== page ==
This Just In: Meetings, Email, and Interruptions Hurt You More Than You Think
We hate to break this to you: Just because you’re at work does not mean you’re getting work done.
Don’t worry, though, you’re not alone. Software development company Atlassian created an interactive infographic that pinpoints the three biggest culprits of workplace distractions. (In no particular order, they are excessive emailing, pointless meetings, and constant interruptions.)
The whole thing is worth a look, but before you start piling your reading list with tips on getting to Inbox Zero, planning meetings that actually matter, and shutting down that overly chatty co-worker, here are a few of the highlights about these serial time wasters.
We know the temptation to check your inbox every half an hour (or every five minutes) is strong. But, Atlassian notes that 10 IQ points are lost when fielding emails—and that’s equal to missing an entire night’s sleep. In addition, did you know that $1,250 per employee is wasted annually because of spam, $1,800 because of unnecessary emails, and between $2,100 and $4,100 because of poorly written communications?
Ineffective meetings are just as costly. U.S. businesses spend $37 billion every year for employees to attend unnecessary meetings. Most employees go to, on average, 62 meetings a month, and consider half of them—approximately 31 hours monthly—time wasted. Here’s a breakdown of an average meeting attendee’s behavior:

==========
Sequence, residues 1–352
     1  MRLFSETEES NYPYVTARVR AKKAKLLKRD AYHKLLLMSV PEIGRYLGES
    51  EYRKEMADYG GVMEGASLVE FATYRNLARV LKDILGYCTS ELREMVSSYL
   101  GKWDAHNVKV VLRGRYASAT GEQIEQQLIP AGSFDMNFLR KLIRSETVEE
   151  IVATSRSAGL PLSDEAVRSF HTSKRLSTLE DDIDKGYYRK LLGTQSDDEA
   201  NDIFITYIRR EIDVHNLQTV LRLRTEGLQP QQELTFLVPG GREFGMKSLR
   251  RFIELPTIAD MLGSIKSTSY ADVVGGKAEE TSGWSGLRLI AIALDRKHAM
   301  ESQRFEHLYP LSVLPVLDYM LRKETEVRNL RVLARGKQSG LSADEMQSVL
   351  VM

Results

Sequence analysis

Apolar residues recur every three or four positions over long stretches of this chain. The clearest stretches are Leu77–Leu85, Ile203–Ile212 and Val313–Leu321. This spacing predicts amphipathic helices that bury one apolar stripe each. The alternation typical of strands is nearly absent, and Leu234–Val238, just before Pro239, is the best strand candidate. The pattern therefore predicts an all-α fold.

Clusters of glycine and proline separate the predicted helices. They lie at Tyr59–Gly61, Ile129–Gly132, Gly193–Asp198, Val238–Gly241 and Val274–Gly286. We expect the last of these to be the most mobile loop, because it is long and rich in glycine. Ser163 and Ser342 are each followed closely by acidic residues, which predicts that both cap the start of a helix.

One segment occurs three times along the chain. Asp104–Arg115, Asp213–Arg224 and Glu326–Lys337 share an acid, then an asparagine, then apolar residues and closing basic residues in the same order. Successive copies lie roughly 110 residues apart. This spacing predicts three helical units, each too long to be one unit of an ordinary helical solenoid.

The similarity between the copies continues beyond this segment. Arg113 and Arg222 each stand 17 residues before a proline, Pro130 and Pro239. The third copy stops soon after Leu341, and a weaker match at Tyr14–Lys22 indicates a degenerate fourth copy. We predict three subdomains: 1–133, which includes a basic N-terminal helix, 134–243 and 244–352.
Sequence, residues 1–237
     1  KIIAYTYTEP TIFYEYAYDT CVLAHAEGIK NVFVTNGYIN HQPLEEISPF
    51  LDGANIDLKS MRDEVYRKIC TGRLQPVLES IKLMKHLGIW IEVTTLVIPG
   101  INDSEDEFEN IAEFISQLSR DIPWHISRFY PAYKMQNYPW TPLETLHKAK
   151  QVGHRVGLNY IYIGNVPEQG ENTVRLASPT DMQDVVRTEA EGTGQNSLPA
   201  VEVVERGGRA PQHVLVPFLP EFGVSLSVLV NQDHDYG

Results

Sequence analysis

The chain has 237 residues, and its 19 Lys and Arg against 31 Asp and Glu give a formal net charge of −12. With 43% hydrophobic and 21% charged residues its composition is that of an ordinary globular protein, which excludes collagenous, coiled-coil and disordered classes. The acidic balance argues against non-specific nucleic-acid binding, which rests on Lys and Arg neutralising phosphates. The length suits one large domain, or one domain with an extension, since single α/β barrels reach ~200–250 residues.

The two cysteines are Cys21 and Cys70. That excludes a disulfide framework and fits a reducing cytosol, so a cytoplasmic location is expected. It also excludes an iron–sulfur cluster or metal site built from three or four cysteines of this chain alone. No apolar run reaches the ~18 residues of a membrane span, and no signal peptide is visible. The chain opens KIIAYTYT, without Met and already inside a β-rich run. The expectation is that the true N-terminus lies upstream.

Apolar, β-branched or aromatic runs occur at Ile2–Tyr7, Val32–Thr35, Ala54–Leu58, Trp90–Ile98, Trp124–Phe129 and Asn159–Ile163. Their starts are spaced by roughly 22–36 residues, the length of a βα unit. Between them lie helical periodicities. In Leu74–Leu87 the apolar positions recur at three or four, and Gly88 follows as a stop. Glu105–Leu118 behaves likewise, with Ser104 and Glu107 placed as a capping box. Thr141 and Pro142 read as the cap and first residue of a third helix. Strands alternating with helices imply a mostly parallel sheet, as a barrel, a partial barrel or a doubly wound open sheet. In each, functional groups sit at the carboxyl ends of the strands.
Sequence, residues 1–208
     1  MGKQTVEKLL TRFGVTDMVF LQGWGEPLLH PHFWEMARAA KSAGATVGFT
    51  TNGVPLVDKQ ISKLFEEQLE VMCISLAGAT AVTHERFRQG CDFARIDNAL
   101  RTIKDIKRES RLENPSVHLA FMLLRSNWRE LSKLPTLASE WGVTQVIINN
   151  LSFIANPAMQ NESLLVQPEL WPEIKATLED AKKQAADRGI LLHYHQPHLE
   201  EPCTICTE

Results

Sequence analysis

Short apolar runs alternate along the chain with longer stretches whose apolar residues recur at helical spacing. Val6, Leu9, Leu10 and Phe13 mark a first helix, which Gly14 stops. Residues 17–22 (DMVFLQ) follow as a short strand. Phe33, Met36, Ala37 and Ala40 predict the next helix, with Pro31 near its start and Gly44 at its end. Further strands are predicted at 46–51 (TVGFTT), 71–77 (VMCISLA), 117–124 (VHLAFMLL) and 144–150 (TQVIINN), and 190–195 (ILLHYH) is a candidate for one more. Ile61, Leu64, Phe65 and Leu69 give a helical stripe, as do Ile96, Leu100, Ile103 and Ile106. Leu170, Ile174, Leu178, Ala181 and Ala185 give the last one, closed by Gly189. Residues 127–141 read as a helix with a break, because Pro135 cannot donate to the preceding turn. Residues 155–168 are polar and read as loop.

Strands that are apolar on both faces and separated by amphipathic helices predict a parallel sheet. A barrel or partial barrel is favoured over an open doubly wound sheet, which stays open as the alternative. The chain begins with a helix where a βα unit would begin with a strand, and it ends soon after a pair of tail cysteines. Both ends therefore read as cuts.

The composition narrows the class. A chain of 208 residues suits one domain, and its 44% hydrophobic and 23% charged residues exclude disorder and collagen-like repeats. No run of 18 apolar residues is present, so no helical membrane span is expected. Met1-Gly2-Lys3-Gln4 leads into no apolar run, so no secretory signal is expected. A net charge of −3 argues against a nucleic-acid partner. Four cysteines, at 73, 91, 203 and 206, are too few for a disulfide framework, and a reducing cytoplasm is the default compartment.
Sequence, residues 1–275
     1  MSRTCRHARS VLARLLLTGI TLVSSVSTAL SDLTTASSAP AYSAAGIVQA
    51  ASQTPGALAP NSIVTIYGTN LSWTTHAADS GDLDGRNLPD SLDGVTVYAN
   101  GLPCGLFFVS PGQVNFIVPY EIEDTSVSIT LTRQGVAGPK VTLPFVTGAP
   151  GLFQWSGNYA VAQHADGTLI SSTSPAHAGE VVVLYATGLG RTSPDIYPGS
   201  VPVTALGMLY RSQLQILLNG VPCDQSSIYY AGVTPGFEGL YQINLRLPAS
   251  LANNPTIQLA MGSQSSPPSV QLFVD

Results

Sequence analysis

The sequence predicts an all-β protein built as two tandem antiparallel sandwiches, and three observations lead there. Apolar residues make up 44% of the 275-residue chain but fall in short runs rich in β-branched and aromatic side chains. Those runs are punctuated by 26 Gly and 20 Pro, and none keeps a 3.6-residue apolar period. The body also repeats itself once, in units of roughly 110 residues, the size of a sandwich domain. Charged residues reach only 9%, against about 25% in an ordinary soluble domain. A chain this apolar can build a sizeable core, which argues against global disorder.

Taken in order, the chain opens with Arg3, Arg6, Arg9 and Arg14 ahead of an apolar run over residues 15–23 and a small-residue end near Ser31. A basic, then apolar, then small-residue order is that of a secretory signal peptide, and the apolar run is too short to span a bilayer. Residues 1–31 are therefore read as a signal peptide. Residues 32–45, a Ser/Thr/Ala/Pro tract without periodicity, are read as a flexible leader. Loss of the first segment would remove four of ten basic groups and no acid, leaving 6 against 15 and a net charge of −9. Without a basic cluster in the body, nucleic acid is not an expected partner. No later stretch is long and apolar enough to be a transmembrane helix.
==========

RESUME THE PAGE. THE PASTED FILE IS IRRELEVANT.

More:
And, finally, constant interruptions are more deadly than they seem. An average employee experiences around 56 interruptions a day (more if you are popular), and 80% of these interruptions are considered trivial.
So, don’t become another statistic. Check out the whole interactive infographic here—and then start maximizing your work productivity today.
Infographic courtesy of Atlassian. Photo of woman holding clock courtesy of Shutterstock.
A board member of Columbia Organization of Rising Entrepreneurs, Kat is either hosting inspiring founders or trekking across cities (Silicon Valley and London, anyone?) to discover the hottest startups. And, when she’s not putting together large-group gatherings for InterVarsity Christian Fellowship, Kat is planning food excursions to discover the best Taiwanese beef noodle soup in NYC. The only thing she loves almost as much as crafting content as an Editorial Intern at The Muse is studying content as an English Major at Columbia University. Say hi on Twitter @katxmoon.More from this Author